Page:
New Soilmaster User Ė Lessons Learned - The Planted Tank Forum
 
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post #1 of 7 (permalink) Old 05-21-2006, 11:40 PM Thread Starter
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New Soilmaster User Ė Lessons Learned

Well I took the plunge last weekend. I got a new 58G tank and decided to try Soilmaster for the substrate. Pretty interesting stuff. Itís grains are smaller than Flourite but bigger than sand. The charcoal color is very pleasant and seems to bring out both the greens and the reds in the plants. The ONLY concern I have at this point is that it is the stuff is very light. My plants with big roots were no problem getting replanted, but the stems and smaller plants were much more challenging. I had trimmed some of the roots to help encourage growth and that was a mistake. They really need all the help they can get to hold themselves fast. The way it looks I need to invest in a couple more packs of plant weights.

In terms of cleaning it, I wouldnít try to rush the rinsing process. I filled about 1/3 of a 5 gallon bucket full of substrate, tipped in at about a 45degree angle, locked the garden hose nozzle on open, and just sprayed the stuff for about 10 minutes. It took about that long for the runoff to go from black to gray to sort of clear. If I could do it over again Iíd let it run even longer to get even more of the dust off it. The one thing to be careful of though is that if you put a piece of between your fingers you can crush the stuff into a powdery mud. That says that there must be a tradeoff between cleaning the stuff and spraying it so hard that the stuff self destructs and turns into more mud.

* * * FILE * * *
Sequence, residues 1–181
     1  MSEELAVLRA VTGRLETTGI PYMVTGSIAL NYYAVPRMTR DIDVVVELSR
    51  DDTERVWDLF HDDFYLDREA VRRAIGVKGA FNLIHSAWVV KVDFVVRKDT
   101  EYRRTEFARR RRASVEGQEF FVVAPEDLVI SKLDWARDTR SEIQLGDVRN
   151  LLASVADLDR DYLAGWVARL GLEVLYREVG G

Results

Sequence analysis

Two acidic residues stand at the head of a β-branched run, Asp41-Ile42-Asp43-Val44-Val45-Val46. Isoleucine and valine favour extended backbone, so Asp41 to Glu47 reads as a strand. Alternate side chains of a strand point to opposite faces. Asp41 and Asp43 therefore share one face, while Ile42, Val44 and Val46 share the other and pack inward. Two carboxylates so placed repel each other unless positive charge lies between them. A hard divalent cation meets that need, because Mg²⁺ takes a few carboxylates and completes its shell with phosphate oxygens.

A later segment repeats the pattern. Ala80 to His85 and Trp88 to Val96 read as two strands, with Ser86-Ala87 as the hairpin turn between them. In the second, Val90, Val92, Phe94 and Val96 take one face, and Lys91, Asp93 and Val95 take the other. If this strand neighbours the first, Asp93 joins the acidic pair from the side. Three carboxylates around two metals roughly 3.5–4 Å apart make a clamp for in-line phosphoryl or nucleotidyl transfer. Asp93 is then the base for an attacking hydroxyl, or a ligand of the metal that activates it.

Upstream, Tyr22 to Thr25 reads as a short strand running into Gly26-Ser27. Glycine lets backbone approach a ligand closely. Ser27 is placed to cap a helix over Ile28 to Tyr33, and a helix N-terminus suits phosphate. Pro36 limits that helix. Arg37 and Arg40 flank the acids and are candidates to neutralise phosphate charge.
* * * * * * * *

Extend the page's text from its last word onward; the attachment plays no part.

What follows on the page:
I ended up using about 40 pounds for a 58G tank. I carefully added water on top of the new substrate, trying not to cause more of a mess. The first 25% of the tank fill the water looked almost black. I made my best guess at where the plants should all go by reaching down into the muck and taking a wild guess. I didnít want to take the time to plant it after filling it and letting the cloud clear. My guess is about 8 hours from starting the fill to when the water was darn near crystal clear. I was squirming a bit waiting for it to clear as I was uncomfortable letting the fishies hang out in their aerated 5 gallon bucket any longer than necessary.

Overall Iím really pleased with the stuff. As soon as I get used to the consistency and master how to keep stuff rooted in it Iím guessing Iíll be a happy planted tank addict
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post #2 of 7 (permalink) Old 05-22-2006, 02:55 AM
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Thank you for sharing your experiences. I haven't used SM yet, but it seems to be a really good alternative to more expensive substrates. Didn't expect it to be so soft though... I wonder how long it lasts then before turning to mud.

Regarding the water clarity, after the initial planting, I always remove as much water as possible (down to the bottom glass) and then very slowly fill up the tank. This works well even without (extensive) rinsing of the new substrate.


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post #3 of 7 (permalink) Old 05-22-2006, 12:02 PM Thread Starter